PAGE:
Baby Pierce Article, Jackson Free Press

Source:  Baby Pierce Article, Jackson Free Press    Tag:  turner syndrome support society
The following article was posted this week in the Jackson Free Press about the Helms family and their CHD angel, Pierce. Pierce's father, BJ, said, "I know he's in heaven. He's whole again, not hurting. That's how I get peace with it. Every day I miss him, and I'll always miss him."
The kind of peace we crave through times like these, only God can give. Sometimes prayers aren't answered the way we hoped they would be. Thankfully, we have a God who clings to us, when we aren't strong enough to hold on to him. God's plan is so far above our human comprehension, we could never understand, even if he tried to explain it to us. Through this pain, the Helms' family is touching lives and spreading awareness which will in turn save lives. During my pregnancy, I read the following quote from Rick Warren: "Your greatest ministry, will likely come out of your greatest hurt." I believe that to be very true. Through our painful experiences, we are able to relate to others and also comfort them in similar situations. I counted on the following verses to lift me up lots of times during my pregnancy, expecially, when I thought Avery would was going to Heaven rather than staying here with me.

2 Cor. 1:3-7

All praise to the God and Father of our Master, Jesus the Messiah! Father of all mercy! God of all healing counsel! He comes alongside us when we go through hard times, and before you know it, he brings us alongside someone else who is going through hard times so that we can be there for that person just as God was there for us. We have plenty of hard times that come from following the Messiah, but no more so than the good times of his healing comfort—we get a full measure of that, too.
When we suffer for Jesus, it works out for your healing and salvation. If we are treated well, given a helping hand and encouraging word, that also works to your benefit, spurring you on, face forward, unflinching. Your hard times are also our hard times. When we see that you're just as willing to endure the hard times as to enjoy the good times, we know you're going to make it, no doubt about it.

2 Cor. 4:8-18

We are pressed on every side by troubles, but we are not crushed. We are perplexed, but not driven to despair. We are hunted down, but never abandoned by God. We get knocked down, but we are not destroyed. Through suffering, our bodies continue to share in the death of Jesus so that the life of Jesus may also be seen in our bodies.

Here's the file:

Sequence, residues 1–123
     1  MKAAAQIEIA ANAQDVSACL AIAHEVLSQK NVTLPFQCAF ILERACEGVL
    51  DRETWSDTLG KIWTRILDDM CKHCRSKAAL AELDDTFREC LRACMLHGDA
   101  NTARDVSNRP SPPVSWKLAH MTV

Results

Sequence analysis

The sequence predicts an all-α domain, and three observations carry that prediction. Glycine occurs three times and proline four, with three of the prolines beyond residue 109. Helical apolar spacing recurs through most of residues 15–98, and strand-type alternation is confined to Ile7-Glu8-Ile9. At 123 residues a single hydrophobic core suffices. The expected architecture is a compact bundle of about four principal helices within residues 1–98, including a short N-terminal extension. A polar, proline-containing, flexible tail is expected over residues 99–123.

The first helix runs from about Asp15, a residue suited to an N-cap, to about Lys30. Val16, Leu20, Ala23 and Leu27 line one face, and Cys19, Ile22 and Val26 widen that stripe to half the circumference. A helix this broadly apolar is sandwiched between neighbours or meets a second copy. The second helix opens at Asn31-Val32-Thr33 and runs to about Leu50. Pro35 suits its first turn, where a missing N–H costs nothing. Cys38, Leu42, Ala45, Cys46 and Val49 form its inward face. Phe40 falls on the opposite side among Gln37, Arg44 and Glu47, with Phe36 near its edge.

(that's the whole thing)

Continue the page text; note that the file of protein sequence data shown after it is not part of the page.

Yes, we live under constant danger of death because we serve Jesus, so that the life of Jesus will be evident in our dying bodies. So we live in the face of death, but this has resulted in eternal life for you.

But we continue to preach because we have the same kind of faith the psalmist had when he said, “I believed in God, so I spoke.”We know that God, who raised the Lord Jesus, will also raise us with Jesus and present us to himself together with you. All of this is for your benefit. And as God’s grace reaches more and more people, there will be great thanksgiving, and God will receive more and more glory.

That is why we never give up. Though our bodies are dying, our spirits are being renewed every day.For our present troubles are small and won’t last very long. Yet they produce for us a glory that vastly outweighs them and will last forever! So we don’t look at the troubles we can see now; rather, we fix our gaze on things that cannot be seen. For the things we see now will soon be gone, but the things we cannot see will last forever.

Regardless, of what happens, God will lead us through it, and if we let Him, He will create a purpose within us that we never would have pictured for our lives. Steven Curtis Chapman's wife made a great point (which I heard on KLove) when she said that when we can praise God through the most terrible times in our lives, as well as the wonderful times, we know our love for Him is pure. Praise Him in whatever storm you are in, and know that He loves you and He has an ultimate plan that is much bigger than we are.

Please join us all in the heart walk to raise awareness and walk in honor of all of the CHD "babies" out there.

Walking for Pierce
by ShaWanda Jacome
September 29, 2010

Pierce lay motionless in her arms, with his little Mohawk hair, dark brown and full. "I got to see his face," says Leah Helms, 33, about what she remembers most vividly in the final moments of her son's life. "I'm glad that we got to have that moment. ... (My husband, BJ, and I) were both just speechless ... how pretty to see his nose and mouth and face."